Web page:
Google unveils Chrome e-mail scrambling software

Google stepped up its effort Wednesday to make it tougher for spies or anyone else to snoop on email, unveiling Chrome browser software for scrambling digital messages.

By - June 5, 2014
E-mail spam binary communication

Google stepped up its effort Wednesday to make it tougher for spies or anyone else to snoop on email, unveiling Chrome browser software for scrambling digital messages.

A test version of a software tool called “End-to-End” was released so Internet engineers can dabble with making mini-programs that plug into Chrome browser and encrypt Gmail messages in ways that shield them from eyes of everyone except senders and recipients.

“Emails that are encrypted as they’re routed from sender to receiver are liked sealed envelopes, and less vulnerable to snooping — whether by bad actors or through government surveillance — than postcards,” Gmail delivery team tech lead Brandon Long said in a blog post.

Along with releasing the encryption tool, Google added a section to its Transparency Report showing what portion of Gmail messages were sent wrapped in encryption and similar information for digital missives received from other email services.

The report showed on Thursday that over the past month 69 percent of outgoing Gmail messages were encrypted while only 48 percent of the email received from other services was scrambled in transit.

In a move that promised to pressure other services, Google broke down how much message traffic received from them was encrypted.

US Internet service titan Comcast, which got a dismal ranking in the report, quickly stepped up to say it is ramping up message encryption.

“Many providers have turned on encryption, and others have said they’re going to, which is great news,” Long said.

“As they do, more and more email will be shielded from snooping.”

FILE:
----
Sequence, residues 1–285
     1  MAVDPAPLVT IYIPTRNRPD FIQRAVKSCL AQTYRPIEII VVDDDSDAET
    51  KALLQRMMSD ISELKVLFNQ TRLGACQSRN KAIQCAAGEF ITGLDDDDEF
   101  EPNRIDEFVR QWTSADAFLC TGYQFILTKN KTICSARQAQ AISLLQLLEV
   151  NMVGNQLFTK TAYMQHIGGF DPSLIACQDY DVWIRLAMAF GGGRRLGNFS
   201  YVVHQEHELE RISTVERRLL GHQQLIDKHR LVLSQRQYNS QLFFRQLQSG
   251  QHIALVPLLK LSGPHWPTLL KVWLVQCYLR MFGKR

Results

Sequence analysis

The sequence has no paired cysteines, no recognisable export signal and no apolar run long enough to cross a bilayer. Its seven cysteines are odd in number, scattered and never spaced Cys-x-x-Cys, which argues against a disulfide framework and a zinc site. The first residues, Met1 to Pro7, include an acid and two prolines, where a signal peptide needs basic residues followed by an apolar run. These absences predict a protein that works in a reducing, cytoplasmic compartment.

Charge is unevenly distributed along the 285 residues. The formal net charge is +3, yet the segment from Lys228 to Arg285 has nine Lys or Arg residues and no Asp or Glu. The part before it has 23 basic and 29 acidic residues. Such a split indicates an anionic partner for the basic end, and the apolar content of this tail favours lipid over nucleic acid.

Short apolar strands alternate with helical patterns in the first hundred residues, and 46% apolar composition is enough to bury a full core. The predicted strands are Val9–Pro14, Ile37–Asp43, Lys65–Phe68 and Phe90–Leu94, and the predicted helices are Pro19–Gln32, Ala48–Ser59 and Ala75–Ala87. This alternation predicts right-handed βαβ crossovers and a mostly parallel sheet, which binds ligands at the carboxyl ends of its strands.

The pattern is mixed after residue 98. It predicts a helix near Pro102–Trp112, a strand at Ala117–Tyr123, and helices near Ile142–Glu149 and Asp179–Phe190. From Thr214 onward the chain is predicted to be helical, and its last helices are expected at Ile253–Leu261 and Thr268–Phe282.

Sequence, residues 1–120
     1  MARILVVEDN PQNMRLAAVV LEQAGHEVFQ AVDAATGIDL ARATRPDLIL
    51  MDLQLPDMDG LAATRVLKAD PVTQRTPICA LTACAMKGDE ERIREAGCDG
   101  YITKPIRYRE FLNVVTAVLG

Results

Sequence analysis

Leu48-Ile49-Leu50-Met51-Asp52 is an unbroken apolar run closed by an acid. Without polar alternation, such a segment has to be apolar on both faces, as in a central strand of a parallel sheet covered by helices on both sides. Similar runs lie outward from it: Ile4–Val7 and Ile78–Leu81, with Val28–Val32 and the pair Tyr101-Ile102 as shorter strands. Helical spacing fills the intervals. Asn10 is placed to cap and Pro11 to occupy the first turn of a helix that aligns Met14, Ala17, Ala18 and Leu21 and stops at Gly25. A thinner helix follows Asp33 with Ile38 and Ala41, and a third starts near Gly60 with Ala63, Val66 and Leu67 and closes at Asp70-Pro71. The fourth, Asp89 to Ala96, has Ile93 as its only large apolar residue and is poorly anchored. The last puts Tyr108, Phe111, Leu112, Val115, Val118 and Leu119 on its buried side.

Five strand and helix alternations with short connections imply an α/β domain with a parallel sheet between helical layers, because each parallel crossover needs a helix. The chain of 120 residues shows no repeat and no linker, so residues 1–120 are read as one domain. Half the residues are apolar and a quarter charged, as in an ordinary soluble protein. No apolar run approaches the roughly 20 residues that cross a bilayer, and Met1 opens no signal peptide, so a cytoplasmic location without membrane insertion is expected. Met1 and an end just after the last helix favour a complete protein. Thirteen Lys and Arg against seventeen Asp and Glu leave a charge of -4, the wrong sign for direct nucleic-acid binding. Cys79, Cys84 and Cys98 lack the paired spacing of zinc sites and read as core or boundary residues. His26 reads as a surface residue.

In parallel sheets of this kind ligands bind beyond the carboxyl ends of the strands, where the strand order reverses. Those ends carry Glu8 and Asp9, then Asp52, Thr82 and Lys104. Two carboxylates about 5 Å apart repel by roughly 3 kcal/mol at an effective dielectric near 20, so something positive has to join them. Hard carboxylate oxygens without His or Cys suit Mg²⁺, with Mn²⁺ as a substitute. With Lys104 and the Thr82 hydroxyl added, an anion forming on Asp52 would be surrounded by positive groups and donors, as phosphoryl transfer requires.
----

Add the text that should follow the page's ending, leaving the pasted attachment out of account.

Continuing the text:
The move by California-based Google comes as US Internet firms fend off privacy concerns provoked by US online spying tactics exposed by former intelligence agency contractor Edward Snowden, who has taken refuge in Russia.

More software news

iOS 8 boasts new features, better graphics

Apple reveals “Healthkit” app for mobile-health monitoring

OS X Yosemite new interface, features unveiled

Share your thoughts

Shutterstock is the image partner of MyBroadband – more technology images

Join the conversation

Connect with Us



Have you bought any Black Friday deals?

View Results

Loading ... Loading ...

More News

10 things about the ‘lawfare’ over Hlaudi Motsoeneng

Hlaudi Motsoeneng

Judge Dennis Davis declared the appointment of SABC Chief Operating Officer Hlaudi Motsoeneng while there was a cloud hanging over his head as “irrational” and unlawful

The real reason why there is no load shedding in South Africa

Load Shedding Stage 1

Energy analyst Chris Yelland reveals the real reason why Eskom was able to stop load shedding in recent months.

South Africa moves to protect satellite slots


South Africa has moved to protect its access to certain satellites and frequencies as the global company managing these undergoes restructuring

Takealot got another R716 million from Naspers

Takealot Kalahari

Naspers has pumped another few hundred million into Takealot during a funding round in August.


Newsletter Subscription

Email *
Enter the following to confirm your subscription *
Captcha image

Free MyBroadband Newsletter